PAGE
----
Exccellent story Jason! In time you’ll be a terrific sportswriter. Yeah, Preller, my all time favorite GM – NOT, essentially traded Trea Turner for Myers. I knew it was a glaring mistake then and it looks even worse now. Turner is a terrific young player! A player like him, drafted #1 by the Padres – but NOT by Preller, should never have been traded – EVER. But then again I feel the same about Preller trading Jankowski and then Renfroe. Why does Preller have such disdain for players another GM acquires?
Will was having a great spring, he’s healthy and ready to play one position and one spot in batting order instead of not ever knowing. He’s going to have a real bounce back year.
Although it’s a good account of where are they now, I feel Myers has had a bad wrap. His down fall has come in part to playing for a manager that did not know how to get the most out of him (or any of his players at that). 6 years at 83 million is not a bad deal for his potential. I have seen worse deals out there! We just had his deal back loaded which is why it looks so bad now. It’s not his fault, injuries have been a huge issue, but signs of a turn around were optimistically there in Spring Training. Turner does hurt, especially since he was a highly regarded minor leaguer. I couldn’t believe we traded our “Shortstop of the future” but we also got Tatis Jr for Shields……Shields!!!! I think we can call it a break even as of now!!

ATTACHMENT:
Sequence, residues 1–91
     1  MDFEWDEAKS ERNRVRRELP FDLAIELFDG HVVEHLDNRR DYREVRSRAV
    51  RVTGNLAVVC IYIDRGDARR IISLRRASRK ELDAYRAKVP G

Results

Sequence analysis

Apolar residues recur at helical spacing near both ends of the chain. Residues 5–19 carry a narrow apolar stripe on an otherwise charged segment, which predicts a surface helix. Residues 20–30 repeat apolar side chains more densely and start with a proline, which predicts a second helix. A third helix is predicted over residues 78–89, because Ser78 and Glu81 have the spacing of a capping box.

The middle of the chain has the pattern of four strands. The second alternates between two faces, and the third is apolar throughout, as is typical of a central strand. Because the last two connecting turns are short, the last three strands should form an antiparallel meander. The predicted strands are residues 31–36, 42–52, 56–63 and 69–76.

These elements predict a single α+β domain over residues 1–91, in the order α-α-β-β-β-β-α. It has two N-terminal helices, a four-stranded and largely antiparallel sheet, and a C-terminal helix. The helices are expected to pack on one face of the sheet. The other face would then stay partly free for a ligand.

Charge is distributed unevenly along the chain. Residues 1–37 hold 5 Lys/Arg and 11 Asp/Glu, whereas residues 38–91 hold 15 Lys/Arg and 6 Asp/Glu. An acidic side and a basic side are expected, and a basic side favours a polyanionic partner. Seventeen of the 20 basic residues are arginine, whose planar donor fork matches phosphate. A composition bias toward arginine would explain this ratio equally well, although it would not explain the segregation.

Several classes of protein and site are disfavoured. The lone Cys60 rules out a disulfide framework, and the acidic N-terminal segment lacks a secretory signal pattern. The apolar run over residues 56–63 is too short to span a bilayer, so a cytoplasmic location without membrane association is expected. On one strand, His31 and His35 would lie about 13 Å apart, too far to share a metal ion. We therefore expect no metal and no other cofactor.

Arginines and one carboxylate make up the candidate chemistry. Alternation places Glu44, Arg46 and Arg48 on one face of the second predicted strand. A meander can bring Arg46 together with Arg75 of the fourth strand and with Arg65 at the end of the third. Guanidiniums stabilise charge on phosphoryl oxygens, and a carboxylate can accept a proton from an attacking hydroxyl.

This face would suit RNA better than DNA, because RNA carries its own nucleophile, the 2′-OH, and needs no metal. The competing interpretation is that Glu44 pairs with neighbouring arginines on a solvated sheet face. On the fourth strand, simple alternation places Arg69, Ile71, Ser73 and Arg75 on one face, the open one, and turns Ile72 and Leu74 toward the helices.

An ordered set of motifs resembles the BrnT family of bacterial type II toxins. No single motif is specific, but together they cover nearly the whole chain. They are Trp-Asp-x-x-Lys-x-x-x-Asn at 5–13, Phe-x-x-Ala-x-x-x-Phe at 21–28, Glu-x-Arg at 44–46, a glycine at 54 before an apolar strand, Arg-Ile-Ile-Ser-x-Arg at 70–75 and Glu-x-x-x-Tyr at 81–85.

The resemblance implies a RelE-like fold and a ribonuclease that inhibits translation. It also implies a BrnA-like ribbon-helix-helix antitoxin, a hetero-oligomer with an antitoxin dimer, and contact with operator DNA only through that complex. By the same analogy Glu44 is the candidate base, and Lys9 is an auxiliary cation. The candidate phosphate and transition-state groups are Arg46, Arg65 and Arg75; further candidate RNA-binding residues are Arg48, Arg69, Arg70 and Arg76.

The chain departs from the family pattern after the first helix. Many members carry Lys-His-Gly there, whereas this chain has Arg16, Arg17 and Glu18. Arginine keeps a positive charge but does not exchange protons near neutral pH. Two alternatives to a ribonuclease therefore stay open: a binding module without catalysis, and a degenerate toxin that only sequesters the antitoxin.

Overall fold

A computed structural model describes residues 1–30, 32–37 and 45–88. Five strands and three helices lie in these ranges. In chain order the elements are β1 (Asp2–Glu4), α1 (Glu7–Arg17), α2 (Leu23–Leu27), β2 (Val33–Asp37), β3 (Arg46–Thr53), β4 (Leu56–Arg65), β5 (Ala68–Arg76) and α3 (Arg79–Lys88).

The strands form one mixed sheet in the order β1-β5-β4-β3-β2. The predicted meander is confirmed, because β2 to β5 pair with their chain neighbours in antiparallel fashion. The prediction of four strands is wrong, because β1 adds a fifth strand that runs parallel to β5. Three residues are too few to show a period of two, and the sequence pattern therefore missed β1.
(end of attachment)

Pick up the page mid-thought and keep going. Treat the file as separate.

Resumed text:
Could have had both
It should be noted that Myers’ production has no doubt suffered due to being asked to play all over the place. CF? 3B? C’mon. Andy Green had no clue and Myers paid the price.
And Turner has a history of racist and homophobic public comments (in the form of tweets), and he golfs with Trump. We all want our team to win, but the line should be drawn at assholes like him.
Wow, the irony and lack of self-awareness is stunning.
Oh the horror, playing golf with the President of the United States. Way to force politics and religion into sports. I may not have voted for him, but half of the nation did.